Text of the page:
SIDance festival Philistine-friendlyAre you one of those people who thinks modern dance is incomprehensible or boring?
Don't worry, there still may be hope for you. Check out one of the performances that dance companies will be putting on during this year's Seoul International Dance Festival, which began Monday and runs through Oct. 24. Organized by the local chapter of Unesco's International Dance Council, the event was designed to appeal to a broad audience.
A good primer for a dance Philistine would be the performance by one of Japan's leading contemporary dance companies, Condors, which is named after its director and choreographer, Ryohei Kondo. The piece has a combination of dance, animation and dialogue. The organizers say it is guaranteed to obliterate your stress and make you laugh out loud. The company is all-male, and consists of nonprofessional dancers.
Among the other international troupes of note are Switzerland's Ventura Dance Company, Russia's Olga Pona and the Chelyabinsk Theatre of Contemporary Dance, and Argentina's and France's Fascination de Tango.
The Ventura Dance Company's piece, "Zone," explores relationships between dance and technology. It uses a huge industrial machine as a backdrop and as part of the dance sequence. The troupe's choreographer and artistic designer, Pablo Ventura, has been using computers in his dance creations since 1996.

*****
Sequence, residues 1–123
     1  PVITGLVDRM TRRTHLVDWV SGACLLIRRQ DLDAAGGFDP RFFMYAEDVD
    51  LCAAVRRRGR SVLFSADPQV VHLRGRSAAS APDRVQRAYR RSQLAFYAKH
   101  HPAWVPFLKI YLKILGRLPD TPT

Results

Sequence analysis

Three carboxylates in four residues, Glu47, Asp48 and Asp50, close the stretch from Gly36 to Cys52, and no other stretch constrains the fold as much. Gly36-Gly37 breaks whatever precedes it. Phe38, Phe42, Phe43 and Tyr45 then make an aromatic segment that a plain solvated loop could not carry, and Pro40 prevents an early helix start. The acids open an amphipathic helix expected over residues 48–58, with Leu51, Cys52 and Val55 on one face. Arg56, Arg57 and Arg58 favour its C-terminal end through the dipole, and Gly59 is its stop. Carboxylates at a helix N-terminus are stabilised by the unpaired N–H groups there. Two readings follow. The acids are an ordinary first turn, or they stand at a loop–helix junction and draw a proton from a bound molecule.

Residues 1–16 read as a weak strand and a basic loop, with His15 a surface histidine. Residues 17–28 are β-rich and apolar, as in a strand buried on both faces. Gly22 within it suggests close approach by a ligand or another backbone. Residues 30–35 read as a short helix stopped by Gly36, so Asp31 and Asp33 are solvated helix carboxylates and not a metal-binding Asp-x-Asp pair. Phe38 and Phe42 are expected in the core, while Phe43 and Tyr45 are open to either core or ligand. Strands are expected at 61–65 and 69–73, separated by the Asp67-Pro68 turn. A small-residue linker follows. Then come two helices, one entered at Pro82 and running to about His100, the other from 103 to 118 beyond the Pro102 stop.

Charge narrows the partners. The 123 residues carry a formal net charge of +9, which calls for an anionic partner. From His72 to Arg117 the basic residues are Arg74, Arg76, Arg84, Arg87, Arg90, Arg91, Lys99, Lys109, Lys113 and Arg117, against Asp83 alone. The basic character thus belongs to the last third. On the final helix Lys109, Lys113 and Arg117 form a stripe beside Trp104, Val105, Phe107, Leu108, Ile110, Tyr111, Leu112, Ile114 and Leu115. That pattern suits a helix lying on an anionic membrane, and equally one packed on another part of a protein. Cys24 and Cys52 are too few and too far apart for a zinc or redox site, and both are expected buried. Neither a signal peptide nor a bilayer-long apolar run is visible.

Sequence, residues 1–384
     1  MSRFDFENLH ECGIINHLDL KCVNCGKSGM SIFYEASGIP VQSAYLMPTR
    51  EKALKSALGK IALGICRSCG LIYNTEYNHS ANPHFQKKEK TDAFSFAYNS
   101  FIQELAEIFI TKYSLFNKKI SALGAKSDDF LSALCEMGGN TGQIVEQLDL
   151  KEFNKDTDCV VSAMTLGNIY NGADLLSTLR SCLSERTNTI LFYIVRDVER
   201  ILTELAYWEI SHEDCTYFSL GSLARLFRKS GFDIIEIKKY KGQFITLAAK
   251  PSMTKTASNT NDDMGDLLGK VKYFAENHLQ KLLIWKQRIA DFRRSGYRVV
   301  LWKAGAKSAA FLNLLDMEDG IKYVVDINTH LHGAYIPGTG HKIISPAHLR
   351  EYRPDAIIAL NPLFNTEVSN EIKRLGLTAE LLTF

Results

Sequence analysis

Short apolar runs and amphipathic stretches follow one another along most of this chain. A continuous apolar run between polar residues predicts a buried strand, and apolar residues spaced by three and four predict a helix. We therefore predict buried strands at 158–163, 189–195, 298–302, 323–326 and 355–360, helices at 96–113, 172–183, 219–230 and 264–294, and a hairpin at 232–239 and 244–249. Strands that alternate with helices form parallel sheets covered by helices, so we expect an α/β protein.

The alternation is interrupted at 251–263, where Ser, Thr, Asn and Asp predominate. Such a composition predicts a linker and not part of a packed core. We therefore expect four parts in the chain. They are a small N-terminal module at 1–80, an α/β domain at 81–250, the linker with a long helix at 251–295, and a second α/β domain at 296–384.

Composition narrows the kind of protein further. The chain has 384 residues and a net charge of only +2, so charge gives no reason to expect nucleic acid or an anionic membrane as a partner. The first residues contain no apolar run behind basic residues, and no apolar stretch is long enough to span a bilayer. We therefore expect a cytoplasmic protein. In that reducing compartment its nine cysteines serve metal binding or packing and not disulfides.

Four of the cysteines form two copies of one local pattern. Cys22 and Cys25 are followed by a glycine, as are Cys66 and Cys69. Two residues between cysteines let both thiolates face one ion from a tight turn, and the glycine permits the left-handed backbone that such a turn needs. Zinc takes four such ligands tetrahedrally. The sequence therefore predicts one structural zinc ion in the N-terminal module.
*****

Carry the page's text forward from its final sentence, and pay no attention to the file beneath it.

The Russian troupe will be performing "Sketches from Nature," which has won awards at dance festivals for best choreography, and other works.
Dancers from Argentina and France combine to perform "Fascination de Tango," which lays traditional tango over themes from Hollywood. The music-intense show features Hollywood characters such as Bonnie and Clyde and Charlie Chaplin.
Domestic dancers will also participate, many of whom have distinguished themselves on international stages.
A traditional Korean court dance, Hangjang-mu, will be staged. The dance form was created by a gisaeng, or Korean traditional female entertainer. It was indirectly influenced by Chinese song-and-dance play, but evolved into a solo court dance with theatrical elements. Unlike other court dances, hangjang-mu has dialogues and is performed to orchestral music.
Also, a fourth-generation Korean American, Peggy Myo-young Choy, will perform works that express political and social issues regarding Asian Americans.
The Seoul International Dance festival has been held every year since 1998, and attracts about 10,000 people per year. Fourteen foreign and 24 domestic troupes will perform this year at some of Seoul's best art venues, such as the Seoul Arts Center and the Sejong Center for the Performing Arts.
The organizers held a gala opening on Monday at the Seoul Arts Center.
For more information on the performances, call 763-1178 or visit the event's Web site at www.sidance.org.
by Min Byung-hee